Early April marks the halfway point in the 2021 legislative session, and there are two competing viewpoints and approaches in governing Oregon. The first is focused on reaching across the aisle to address issues of concern to our families recovering from the pandemic. The second approach is an existential threat to our democratic process.
This threat to our democracy is shown by lawmakers who refuse to participate and promote hateful values.
Oregonians know about Rep. Mike Nearman's actions to allow extremists with violent intentions into our State Capitol (Nearman under criminal investigation for Capitol breach). But, sadly, Oregonians should be just as concerned about the pervasive threat to the democratic process from State Sen. Dallas Heard.
As a refresher: On Dec. 21, Sen. Heard encouraged violent right-wing extremists to attempt to enter the Oregon State Capitol building. That group went on to assault law enforcement, attack members of the press and shatter doors.
Less than three weeks later, on Jan. 6, the United States Capitol was under assault, and Sen. Heard delivered an inciting speech to another group of extremists outside the Oregon State Capitol.
Sen. Heard continues to undermine Oregon's democracy while serving in the State Senate and now, as chair of the Oregon Republican Party.
This pattern of extremist behavior is familiar to many. In 2009, Sen. Heard called into a right-wing radio show to explain why he didn't trust women in leadership because it's not "comfortable." When this statement came to light, years later, he called himself a "brash jerk" and said, "I'd like to believe I've really changed."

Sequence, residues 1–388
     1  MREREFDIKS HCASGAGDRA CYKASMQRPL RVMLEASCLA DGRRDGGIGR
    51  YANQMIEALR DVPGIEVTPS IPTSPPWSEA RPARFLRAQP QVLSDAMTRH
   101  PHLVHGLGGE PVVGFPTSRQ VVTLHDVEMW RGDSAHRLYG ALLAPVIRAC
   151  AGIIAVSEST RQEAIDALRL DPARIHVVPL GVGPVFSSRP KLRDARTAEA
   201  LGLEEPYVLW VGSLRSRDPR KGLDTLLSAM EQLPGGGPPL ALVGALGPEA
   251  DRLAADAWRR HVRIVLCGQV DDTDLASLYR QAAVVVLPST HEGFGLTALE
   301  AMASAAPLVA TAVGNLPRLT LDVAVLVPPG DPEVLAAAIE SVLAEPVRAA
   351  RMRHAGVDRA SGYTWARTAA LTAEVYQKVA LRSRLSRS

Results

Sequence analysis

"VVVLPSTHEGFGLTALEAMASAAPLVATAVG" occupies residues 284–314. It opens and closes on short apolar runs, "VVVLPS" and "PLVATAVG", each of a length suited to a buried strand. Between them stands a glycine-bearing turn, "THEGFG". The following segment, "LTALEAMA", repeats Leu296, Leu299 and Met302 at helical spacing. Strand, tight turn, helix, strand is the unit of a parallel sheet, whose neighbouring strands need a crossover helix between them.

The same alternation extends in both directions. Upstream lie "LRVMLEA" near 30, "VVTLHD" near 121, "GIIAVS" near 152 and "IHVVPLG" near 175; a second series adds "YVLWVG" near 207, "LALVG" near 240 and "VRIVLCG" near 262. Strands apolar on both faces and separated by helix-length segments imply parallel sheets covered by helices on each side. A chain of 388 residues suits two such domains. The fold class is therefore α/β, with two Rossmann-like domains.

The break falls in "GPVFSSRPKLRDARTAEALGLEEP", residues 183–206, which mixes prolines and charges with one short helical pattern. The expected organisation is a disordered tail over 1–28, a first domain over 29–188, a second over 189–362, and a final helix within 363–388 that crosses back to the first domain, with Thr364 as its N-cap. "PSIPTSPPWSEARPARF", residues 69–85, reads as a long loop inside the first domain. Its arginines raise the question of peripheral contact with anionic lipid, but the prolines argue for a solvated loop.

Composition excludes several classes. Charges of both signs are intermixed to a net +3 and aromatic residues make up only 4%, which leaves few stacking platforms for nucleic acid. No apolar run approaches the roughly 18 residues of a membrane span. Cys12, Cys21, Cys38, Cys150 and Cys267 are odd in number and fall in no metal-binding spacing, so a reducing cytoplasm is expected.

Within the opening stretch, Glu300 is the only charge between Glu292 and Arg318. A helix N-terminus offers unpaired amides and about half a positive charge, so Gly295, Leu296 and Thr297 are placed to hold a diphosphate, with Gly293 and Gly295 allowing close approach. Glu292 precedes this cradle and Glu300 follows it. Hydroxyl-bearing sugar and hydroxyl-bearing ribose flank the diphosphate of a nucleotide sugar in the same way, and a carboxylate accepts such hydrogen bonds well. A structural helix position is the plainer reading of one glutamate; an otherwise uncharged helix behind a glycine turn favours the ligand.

Well, Oregonians had hoped he would have changed too — but the evidence suggests he's as extreme as ever, and he's now ascended into a powerful position as chair of the Oregon Republican Party.
This session, Sen. Heard has a policy of voting "no" on important legislation. So far, 93% of the bills before the Senate chamber have passed with bipartisan support, but when casting a "no" vote would be a bad look, Sen. Heard evades that vote by leaving the Senate floor and trying to hide.
Heard has dodged votes honoring fallen soldiers, Vietnam War veterans, and the life and legacy of an esteemed statesman. Just last week, Sen. Heard attempted to conceal racist views by avoiding a floor vote on a bill that made displaying a noose as an act of intimidation a hate crime. This week, Sen. Heard attempted to avoid his Constitutional responsibility to vote on legislation on issues regarding crimes of child pornography.
We have seen that the Oregon Republican Party is now headed by someone who encourages hateful, racist and misogynistic views. In addition, Sen. Heard's inexcusable behavior is shutting out his constituents in Southern Oregon from having their input known in Salem.
Oregonians have elected us to represent our constituents and the state of Oregon. Lawmakers need to show up, do their job, and work with the other side. We can no longer accept lawmakers who try to shut down the Legislature.
It's time to end playing partisan games with our democracy — there is already too much extremism in Oregon and in America, and we need to get back to bipartisanship and governing for everyone.
I enjoy opportunities to work with my colleagues across the aisle. At the end of the day, our shared motivation is to do good work for our constituents across Oregon. I hope Oregonians — regardless of your party — take time to consider what that means to have elected officials engaging in true debate and reject the assault on our democracy posed by extremist legislators at all levels of government.
State Sen. Rob Wagner, D-Lake Oswego, represents District 19, which includes portions of Southwest Portland, Lake Oswego, Tualatin and West Linn. He serves as Senate Majority Leader in the 2021 Legislature.
You count on us to stay informed and we depend on you to fund our efforts. Quality local journalism takes time and money. Please support us to protect the future of community journalism.